Someone who knows the importance of women truly understanding their bodies is Dr Anita Mitra, a gynaecologist and self-confessed "Gynae Geek" (as she is better known to her 45k+ Instagram followers). Her recently published book – The Gynae Geek: Your No-Nonsense Guide To 'Down There' Healthcare – is a bible for hard vagina facts and dispelling misguided, internet "wellness" theories.
Taking the reader from the basic anatomy of the vagina through their first period, sexual health, contraception, fertility and pregnancy, Dr Mitra explains in a straight-talking, friendly tone, how women should best look after their bodies. She shares her own experiences along the way, stories of her patients and her friends (one particular laugh-out-loud moment describes how a friend believed her cervix scab had fallen off "thanks to the most energetic dancing at the Pyramid Stage" at Glastonbury festival).
Here at Refinery29, we consider ourselves pretty knowledgeable when it comes to vulvas, vaginas and women's sexual and reproductive health, but even we were surprised by how much we didn’t know after reading The Gynae Geek. Read on for the five most surprising things we learned from Dr Mitra.
As Dr Mitra explains, everyone seems to have a different answer to whether or not this is advisable – some say it’s okay, some say it could be harmful. "This is because theoretically you could dislodge your coil with the... vacuum effect," Dr Mitra explains in chapter 3, the section of the book dedicated to periods. This "suction" experience, she continues, is something that she has had confirmed by a number of "SOS message[s]" from women via social media, many of which beg her to help reinsert the saved coil. "[W]hile I’m all for recycling, you can’t reuse a coil," Dr Mitra states, advising that if this happens to you, it is important to use a fresh coil in its place.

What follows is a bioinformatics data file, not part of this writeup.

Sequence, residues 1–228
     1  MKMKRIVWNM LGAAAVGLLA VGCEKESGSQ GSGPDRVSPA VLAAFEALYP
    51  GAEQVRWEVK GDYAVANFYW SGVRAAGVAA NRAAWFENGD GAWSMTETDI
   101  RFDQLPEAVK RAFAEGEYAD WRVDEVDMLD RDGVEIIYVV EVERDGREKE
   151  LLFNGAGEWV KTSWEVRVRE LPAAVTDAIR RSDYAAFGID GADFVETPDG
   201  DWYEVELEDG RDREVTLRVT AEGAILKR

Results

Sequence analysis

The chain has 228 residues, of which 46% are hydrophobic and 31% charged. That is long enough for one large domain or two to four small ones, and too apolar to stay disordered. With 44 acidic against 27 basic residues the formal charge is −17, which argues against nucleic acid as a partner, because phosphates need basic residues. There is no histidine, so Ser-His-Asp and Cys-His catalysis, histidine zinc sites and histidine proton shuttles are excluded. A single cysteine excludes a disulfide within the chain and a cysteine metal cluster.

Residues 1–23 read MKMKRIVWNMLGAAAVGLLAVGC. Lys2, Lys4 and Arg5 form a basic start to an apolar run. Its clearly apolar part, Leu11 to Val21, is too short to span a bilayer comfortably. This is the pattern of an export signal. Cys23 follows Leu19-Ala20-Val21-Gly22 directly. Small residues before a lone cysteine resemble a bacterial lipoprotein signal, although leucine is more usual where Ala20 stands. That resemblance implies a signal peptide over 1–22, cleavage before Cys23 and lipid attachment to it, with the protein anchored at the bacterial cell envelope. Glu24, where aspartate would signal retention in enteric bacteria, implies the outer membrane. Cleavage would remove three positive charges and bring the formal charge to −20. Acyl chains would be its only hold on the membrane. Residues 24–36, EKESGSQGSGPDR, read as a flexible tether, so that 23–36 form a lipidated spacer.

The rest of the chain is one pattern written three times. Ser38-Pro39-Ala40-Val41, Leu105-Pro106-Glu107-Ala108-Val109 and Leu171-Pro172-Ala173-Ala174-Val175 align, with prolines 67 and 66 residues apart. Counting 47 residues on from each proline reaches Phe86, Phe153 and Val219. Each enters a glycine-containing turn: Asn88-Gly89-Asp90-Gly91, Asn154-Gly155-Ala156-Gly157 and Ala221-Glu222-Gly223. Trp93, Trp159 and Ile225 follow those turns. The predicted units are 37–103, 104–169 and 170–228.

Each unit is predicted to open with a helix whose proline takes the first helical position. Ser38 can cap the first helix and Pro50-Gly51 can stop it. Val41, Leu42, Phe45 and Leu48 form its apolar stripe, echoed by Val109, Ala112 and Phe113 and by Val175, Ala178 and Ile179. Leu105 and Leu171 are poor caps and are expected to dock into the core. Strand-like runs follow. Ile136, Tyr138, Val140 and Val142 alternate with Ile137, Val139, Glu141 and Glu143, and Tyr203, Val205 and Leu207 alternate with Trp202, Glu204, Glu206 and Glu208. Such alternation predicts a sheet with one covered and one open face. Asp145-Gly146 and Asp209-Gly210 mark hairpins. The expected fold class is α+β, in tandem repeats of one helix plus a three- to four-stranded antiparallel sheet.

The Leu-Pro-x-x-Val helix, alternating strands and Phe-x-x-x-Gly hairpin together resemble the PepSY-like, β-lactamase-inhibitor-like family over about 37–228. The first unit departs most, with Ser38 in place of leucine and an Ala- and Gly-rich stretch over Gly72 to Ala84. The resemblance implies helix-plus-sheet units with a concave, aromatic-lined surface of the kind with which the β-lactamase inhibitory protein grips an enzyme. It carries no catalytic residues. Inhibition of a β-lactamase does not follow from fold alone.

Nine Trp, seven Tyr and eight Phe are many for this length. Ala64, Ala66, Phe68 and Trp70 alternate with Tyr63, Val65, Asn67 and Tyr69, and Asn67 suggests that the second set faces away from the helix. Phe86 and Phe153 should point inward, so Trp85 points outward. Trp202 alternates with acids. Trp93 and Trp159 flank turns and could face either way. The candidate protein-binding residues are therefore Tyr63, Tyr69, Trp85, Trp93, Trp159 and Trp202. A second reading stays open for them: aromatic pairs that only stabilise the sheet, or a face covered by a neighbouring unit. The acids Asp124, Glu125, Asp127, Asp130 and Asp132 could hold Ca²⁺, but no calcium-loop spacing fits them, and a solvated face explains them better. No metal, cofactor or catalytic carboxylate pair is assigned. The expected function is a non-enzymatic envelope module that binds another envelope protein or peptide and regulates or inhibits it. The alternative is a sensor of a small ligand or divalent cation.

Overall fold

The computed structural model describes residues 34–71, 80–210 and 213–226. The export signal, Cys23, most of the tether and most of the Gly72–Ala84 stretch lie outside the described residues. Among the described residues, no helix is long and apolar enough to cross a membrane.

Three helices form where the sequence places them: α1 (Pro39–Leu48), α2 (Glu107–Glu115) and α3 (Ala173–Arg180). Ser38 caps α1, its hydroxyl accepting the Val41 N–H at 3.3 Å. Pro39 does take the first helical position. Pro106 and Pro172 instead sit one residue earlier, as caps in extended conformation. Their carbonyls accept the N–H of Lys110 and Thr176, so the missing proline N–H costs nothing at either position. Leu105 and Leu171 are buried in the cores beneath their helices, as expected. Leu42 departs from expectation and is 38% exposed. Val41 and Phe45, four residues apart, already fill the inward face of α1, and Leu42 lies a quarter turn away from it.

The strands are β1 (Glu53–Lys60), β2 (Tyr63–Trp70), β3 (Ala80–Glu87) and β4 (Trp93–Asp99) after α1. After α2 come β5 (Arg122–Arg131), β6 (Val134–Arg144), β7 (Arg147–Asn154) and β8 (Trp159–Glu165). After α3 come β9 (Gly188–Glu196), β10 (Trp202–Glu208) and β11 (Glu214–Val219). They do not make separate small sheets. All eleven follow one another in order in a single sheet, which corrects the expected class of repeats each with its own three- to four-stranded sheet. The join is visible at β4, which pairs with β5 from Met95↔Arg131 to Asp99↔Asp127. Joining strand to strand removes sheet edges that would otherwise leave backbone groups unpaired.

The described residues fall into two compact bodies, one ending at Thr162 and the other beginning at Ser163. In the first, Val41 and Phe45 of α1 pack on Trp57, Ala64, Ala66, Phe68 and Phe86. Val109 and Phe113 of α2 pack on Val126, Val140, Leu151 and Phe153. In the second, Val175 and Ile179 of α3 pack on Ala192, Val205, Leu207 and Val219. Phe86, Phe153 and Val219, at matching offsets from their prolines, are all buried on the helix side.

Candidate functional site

"If you do choose to use a cup with a coil," she continues, "I would advise checking the strings at the end of your period. If you feel they are lower than normal, you can feel the rod of the coil or you can’t feel any strings at all, I would use condoms until you’ve had it checked by a doctor to ensure it’s still in the right place to give you full contraceptive protection."
When you smoke, so does your vagina
"Smoking is most often associated with lung-related diseases, but nicotine and its metabolites have been found in the vaginal discharge of smokers, as well as that of women exposed to passive smoking," Dr Mitra explains. "Smoking is known to have anti-oestrogenic effects, which can cause women to go through an early menopause, have osteoporosis, as well as vaginal dryness and higher rates of bacterial vaginosis."
There is such a thing as a "retroverted uterus"
Also known as a "tipped/tilted uterus", a retroverted uterus means that "the uterus points backwards (retroverted) instead of forwards (anteverted)." Dr Mitra explains that between 20–30% of women have this and often, it is just how a woman is born and many find that it never impacts their health. "In some women, however, it may be due to conditions such as endometriosis, fibroids, or the presence of scar tissue that pulls the uterus backwards," Dr Mitra clarifies.